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It appears that interrogative words are excluded from search. This might make sense in the context of SOFU, but not on English Language and Usage.

In my case, I was looking for a question on the difference between "what" and "which", but neither of the following worked:

In my desperation, and I am not making this up, I tried searching for "beer" instead, and the top result was pretty much the question I was looking for:

Could you enable searching for interrogative pronouns, pretty please, or should I henceforth resort to looking for beer?

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    Looking for beer gets particularly difficult when you can't see straight, or even stand up.
    – James
    Commented Aug 13, 2010 at 15:24
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    It's not just interrogatives, but a whole host of stop words, so searching for "that is beer" will just get you beer. Like you, I agree that it makes some sense to remove this functionality on an English Language site, or at least allow some measure of bypassing it. Because not even the literal operators like "" or + will help.
    – Grace Note StaffMod
    Commented Aug 13, 2010 at 15:28
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    Yup, I ran into this when searching for "that vs. which" questions. Commented Aug 13, 2010 at 16:53

2 Answers 2

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This seems to have been implemented, to some extent; but now many questions are still unfindable, because it is impossible to search for a phrase. The latter should be implemented.

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  • What do you mean with "it is impossible to search for a phrase"? (What I can't explain: the 3rd result in the first search doesn't contain "what do you mean".) Commented Sep 27, 2011 at 17:53
  • @Hendrik: What you see in the third result is what I see a lot when I search for "phrases": it just doesn't work, gives results that don't contain the required phrase. If I remember correctly (I sort of gave up on using the search function on the Stackexchange sites), the problem was even more glaring with certain phrases I tried on English.SE when I needed them. Commented Sep 27, 2011 at 19:16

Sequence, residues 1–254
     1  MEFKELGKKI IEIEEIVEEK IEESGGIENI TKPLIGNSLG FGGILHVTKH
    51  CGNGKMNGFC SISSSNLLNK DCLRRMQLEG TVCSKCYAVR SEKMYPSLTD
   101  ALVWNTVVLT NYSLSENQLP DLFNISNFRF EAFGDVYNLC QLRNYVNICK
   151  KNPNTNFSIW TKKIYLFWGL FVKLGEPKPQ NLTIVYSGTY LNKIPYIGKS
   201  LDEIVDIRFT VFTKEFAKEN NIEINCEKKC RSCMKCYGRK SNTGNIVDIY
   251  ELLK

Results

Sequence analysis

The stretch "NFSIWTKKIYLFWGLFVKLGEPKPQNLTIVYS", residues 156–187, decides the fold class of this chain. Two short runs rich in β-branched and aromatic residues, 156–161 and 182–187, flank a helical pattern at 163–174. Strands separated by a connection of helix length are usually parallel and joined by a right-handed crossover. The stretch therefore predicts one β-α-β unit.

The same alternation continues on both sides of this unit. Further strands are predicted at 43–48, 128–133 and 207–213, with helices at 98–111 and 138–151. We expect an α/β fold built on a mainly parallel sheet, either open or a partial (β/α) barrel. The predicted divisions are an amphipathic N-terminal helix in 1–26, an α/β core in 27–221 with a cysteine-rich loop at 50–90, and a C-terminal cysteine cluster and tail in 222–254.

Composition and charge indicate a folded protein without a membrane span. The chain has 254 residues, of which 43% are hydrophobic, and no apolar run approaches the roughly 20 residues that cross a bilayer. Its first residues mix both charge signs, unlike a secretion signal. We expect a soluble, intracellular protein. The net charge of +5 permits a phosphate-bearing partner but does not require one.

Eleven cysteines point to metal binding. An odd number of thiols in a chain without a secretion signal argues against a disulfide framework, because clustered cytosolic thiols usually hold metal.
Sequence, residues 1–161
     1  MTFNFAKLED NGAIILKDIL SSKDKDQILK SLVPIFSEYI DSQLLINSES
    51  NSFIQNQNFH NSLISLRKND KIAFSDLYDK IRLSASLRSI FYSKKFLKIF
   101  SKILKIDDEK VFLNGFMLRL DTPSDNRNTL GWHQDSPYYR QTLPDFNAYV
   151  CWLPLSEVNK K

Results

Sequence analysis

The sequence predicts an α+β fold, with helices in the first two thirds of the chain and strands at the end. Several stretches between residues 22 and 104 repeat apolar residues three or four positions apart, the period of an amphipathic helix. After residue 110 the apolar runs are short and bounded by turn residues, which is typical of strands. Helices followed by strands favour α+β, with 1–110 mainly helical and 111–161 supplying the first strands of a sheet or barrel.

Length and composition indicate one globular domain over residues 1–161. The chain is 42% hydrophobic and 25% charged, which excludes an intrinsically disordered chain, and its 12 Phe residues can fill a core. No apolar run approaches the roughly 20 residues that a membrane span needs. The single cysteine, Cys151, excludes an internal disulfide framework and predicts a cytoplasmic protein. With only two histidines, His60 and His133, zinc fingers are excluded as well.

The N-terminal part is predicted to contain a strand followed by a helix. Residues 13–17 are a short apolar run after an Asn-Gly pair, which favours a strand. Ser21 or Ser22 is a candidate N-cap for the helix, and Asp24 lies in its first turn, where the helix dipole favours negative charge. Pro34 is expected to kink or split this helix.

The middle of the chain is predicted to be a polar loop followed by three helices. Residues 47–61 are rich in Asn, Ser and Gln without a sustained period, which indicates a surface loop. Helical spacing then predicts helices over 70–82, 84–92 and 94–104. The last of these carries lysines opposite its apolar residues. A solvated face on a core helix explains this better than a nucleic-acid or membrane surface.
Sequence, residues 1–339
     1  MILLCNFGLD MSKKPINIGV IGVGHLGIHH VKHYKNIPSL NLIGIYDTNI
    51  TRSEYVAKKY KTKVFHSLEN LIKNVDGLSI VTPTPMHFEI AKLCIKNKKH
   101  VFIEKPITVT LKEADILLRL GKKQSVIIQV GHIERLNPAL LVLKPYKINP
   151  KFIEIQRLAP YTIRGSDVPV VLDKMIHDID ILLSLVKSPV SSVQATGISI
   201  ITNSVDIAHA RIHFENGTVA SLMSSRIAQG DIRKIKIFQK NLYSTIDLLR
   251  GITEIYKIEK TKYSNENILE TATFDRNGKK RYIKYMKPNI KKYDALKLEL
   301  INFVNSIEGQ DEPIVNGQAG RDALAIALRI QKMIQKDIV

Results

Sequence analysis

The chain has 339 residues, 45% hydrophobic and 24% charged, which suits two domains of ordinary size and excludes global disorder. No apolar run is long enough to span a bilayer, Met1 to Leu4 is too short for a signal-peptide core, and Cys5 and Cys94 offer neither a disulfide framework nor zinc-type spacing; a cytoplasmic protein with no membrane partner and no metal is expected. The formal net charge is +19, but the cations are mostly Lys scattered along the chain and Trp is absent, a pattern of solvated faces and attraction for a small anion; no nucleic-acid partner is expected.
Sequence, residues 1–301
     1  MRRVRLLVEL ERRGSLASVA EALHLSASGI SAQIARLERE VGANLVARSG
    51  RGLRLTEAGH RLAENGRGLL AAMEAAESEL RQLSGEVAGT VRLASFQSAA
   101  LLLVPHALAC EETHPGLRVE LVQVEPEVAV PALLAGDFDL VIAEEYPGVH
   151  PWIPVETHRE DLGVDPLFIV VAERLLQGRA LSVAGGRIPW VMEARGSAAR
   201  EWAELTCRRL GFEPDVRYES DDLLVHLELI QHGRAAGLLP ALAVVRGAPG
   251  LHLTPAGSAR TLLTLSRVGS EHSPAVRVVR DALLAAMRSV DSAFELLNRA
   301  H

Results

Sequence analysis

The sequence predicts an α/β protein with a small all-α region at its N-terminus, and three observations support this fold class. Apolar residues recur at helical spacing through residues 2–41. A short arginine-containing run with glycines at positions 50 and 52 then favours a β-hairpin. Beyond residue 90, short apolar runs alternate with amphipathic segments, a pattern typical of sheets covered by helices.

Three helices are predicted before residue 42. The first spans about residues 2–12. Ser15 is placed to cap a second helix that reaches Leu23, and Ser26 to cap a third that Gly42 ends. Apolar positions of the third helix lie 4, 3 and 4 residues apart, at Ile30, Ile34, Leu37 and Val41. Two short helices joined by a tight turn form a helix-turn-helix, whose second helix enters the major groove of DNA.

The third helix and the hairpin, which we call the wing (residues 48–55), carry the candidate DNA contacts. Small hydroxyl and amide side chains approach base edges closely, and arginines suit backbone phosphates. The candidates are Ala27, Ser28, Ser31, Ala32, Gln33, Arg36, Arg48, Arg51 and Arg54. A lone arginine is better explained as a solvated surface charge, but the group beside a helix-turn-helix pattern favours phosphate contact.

• Hmm, I do agree that it's bad that this 3rd result shows up, but it's 1 in 12, so no big deal in this case. Do you have examples where it really doesn't work? If yes, then you should definitely post a bug report! Commented Sep 27, 2011 at 19:19
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    I just searched for "what do you mean" on English Language & Usage, and it worked. But one thing is clearly broken, but I wasn't yet annoyed enough from the Meta searches: there are 11 results, but not for a single one the phrase "what do you mean" is shown and highlighted in the results list. Probably this is because only a summary of the question is shown, but it's still somewhat annoying. Commented Sep 27, 2011 at 19:23
  • @Hendrik: I suppose searching for phrases does work OK now. It could be that I assumed it didn't work because of the incorrect highlighting? It has been a while for me. Commented Sep 27, 2011 at 20:50
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    Yep, it could well be the highlighting. I think at some point I'll post a feature-request. Commented Sep 28, 2011 at 8:38